With some elements that one typically encounters in quite a few Golden Age mysteries—the London Fog and a train journey—the book presents us with an engrossing and fairly complicated mystery and a well-drawn out and interesting set of characters put together with very good writing, which kept me reading all through.
The book opens with a train journey towards London, affected by the fog and progressing therefore, far slower than usual. In one compartment are travelling Sarah Dillion, secretary to a quite renowned psychiatrist in London, Richard a seemingly nice young man of around her age, whom she has been chatting with on the journey; a large and deep voiced ‘writer’ lady who is only engaged at her typewriter and takes no interest in any of her fellow travellers; a heavy middle-aged man, with the look of a businessman, snoozing over his newspaper; and finally another young man, whom Sarah with one look (and she is discerning, not simply acting on whim) pronounces ‘a bad lot’. Richard seems to Sarah a nice enough person, and they have even exchanged the books they’ve been reading, but at some point in the journey something seems to have come over him which has made him anxious and uncomfortable and this makes her uneasy as well (though she’d like to help). They finally arrive at London, each passenger heading off their own separate ways, into the thick fog.
A little later, the constable on duty at the station, Buller, finds a man brutally, in fact murderously attacked. But there is still life in him, and so a doctor is first summoned and then the victim is taken to hospital. The attacker has taken away everything the victim possessed, even emptying his pockets, so when Chief Inspector Macdonald is handed the case by the Paddington Superintendent, he has little to work on. [The reader can probably guess the victim, but it does take a little while before this is confirmed.] Step by step, the Inspector begins to track down the victim’s identity, for without it, there is no starting point to his case. While this involves hard work of course, Macdonald and his deputy Reeves are lucky in that Sarah Dillion and the business traveller, whose name turns out to be Weldon, are both very observant people; Sarah in particular, seems to have absorbed much working for Dr Grastang and can not only observe but read people well.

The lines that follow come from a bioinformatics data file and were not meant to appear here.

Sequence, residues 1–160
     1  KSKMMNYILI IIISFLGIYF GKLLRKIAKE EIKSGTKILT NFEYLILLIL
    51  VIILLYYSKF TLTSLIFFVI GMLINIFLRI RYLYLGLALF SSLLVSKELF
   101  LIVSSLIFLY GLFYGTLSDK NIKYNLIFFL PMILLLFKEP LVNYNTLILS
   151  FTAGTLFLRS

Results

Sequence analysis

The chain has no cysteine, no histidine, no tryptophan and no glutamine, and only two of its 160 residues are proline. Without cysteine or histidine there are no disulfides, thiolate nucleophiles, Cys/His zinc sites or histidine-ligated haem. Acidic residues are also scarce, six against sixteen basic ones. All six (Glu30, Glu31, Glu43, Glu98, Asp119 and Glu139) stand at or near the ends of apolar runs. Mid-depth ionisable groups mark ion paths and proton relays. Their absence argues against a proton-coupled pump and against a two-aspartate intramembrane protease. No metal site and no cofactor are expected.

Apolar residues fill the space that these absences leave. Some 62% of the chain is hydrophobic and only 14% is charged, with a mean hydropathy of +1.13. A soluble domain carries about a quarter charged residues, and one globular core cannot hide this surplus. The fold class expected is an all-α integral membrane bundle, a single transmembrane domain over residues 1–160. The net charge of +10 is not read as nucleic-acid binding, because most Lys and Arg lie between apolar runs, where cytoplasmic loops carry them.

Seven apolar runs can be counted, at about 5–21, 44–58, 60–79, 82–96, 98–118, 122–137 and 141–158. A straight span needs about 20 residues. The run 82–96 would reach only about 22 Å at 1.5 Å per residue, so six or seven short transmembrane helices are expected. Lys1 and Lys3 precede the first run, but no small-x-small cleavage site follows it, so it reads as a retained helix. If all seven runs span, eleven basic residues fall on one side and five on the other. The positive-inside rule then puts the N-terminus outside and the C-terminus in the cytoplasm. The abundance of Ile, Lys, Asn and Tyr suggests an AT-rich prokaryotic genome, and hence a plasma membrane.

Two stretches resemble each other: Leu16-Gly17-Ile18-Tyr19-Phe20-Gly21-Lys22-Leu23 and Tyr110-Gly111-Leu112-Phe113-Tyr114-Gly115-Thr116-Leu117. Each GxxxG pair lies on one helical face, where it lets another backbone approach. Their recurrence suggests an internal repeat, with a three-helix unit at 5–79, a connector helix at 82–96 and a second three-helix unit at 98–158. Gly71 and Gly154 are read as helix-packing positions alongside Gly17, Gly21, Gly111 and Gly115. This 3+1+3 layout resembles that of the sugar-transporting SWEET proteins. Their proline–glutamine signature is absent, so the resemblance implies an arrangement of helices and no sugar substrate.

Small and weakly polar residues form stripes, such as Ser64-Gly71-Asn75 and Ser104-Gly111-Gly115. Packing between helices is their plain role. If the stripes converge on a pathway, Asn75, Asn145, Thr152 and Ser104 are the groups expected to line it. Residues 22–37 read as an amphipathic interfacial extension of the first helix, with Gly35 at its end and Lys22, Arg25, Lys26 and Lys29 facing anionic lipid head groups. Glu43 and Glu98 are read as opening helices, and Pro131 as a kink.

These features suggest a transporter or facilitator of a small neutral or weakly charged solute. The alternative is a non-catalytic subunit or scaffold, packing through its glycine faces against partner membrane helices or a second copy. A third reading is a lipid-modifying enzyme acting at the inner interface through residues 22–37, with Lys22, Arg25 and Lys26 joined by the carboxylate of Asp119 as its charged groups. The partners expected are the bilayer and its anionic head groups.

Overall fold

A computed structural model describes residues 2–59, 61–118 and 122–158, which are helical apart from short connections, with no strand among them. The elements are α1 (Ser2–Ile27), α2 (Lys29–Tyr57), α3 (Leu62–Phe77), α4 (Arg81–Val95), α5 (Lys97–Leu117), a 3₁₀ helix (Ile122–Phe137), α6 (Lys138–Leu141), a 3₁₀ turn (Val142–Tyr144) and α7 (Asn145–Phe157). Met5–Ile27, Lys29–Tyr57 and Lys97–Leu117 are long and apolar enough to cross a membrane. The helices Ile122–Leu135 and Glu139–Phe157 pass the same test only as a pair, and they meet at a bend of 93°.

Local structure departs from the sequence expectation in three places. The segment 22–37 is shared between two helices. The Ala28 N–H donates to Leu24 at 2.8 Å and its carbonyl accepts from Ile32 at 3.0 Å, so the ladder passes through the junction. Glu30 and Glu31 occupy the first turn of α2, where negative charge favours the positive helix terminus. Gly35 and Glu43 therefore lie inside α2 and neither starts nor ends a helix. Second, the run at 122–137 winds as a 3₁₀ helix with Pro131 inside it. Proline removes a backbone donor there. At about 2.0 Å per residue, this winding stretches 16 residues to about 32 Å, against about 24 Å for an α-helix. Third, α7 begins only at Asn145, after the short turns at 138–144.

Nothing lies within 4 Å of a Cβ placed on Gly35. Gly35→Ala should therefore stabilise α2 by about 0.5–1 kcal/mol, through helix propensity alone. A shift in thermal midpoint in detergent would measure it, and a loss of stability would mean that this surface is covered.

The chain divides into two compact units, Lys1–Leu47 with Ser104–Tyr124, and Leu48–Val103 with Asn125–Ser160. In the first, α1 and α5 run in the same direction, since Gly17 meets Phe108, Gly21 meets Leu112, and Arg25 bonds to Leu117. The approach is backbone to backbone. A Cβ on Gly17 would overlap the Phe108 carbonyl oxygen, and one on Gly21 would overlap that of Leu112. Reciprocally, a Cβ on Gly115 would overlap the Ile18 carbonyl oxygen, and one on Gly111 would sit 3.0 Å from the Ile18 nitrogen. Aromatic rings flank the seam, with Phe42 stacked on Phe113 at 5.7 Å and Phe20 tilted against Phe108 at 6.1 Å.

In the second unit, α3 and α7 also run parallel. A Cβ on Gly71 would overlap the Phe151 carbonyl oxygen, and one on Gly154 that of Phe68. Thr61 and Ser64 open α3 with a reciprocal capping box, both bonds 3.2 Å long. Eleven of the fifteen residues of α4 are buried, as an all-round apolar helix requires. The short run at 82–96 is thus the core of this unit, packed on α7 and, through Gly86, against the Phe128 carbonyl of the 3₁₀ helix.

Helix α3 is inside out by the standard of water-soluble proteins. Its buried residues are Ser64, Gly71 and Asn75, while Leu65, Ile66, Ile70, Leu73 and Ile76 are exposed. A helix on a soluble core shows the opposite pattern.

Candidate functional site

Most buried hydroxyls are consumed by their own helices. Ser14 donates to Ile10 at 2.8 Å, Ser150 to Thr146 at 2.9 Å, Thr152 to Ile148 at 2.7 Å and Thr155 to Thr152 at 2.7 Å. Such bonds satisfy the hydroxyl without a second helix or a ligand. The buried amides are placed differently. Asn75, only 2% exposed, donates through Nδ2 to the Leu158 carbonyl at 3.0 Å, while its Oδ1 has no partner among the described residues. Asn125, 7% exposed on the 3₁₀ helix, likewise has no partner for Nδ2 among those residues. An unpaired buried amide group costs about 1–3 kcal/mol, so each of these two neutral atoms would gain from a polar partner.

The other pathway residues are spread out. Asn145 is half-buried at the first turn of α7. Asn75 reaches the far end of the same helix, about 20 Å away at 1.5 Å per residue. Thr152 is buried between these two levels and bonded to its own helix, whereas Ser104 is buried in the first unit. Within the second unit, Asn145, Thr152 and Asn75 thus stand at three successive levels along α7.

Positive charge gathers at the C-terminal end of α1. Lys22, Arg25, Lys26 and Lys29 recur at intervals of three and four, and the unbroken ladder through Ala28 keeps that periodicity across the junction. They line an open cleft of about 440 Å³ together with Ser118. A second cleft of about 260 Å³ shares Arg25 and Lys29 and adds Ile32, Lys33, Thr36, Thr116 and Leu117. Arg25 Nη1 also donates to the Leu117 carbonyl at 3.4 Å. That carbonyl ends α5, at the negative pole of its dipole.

Beginning with Sarah’s information, Macdonald commences his investigation trying to trace the victim’s identity, and thereafter why and by whom he may have been attacked. But while Macdonald is making his investigations, other bodies also seem to be turning up—but are these connected with the attack at the railway station? Alongside, Macdonald bumps into a colleague who is looking into a wartime disappearance which he is seemingly fed up of since it came up inconclusive in the past. How does Macdonald get to the bottom of his case?
The writing and characters in the book drew me in right from the start. The story opens on the train on which we see all the passengers (the ones we are concerned with, that is) through Sarah Dillon’s eyes which gives one quite an insight into them all. And then of course, the scene shifts with the victim being found and the developments after that, before we move back to Sarah. I enjoyed watching how Macdonald uses the very detailed account that Sarah is able to give him to track down the place where the victim belonged and finally identify him. Once he learns about him, some threads are revealed which can lead to possible whys, relating to matters past and present. While the mystery is more police procedural than whodunit, in the sense that for the most part, we are following Macdonald and Reeves as they follow different threads and try to form a picture of what may have happened, there is also an element of the whodunit in the solution, and one I didn’t see coming at all—not until the denouement of sorts.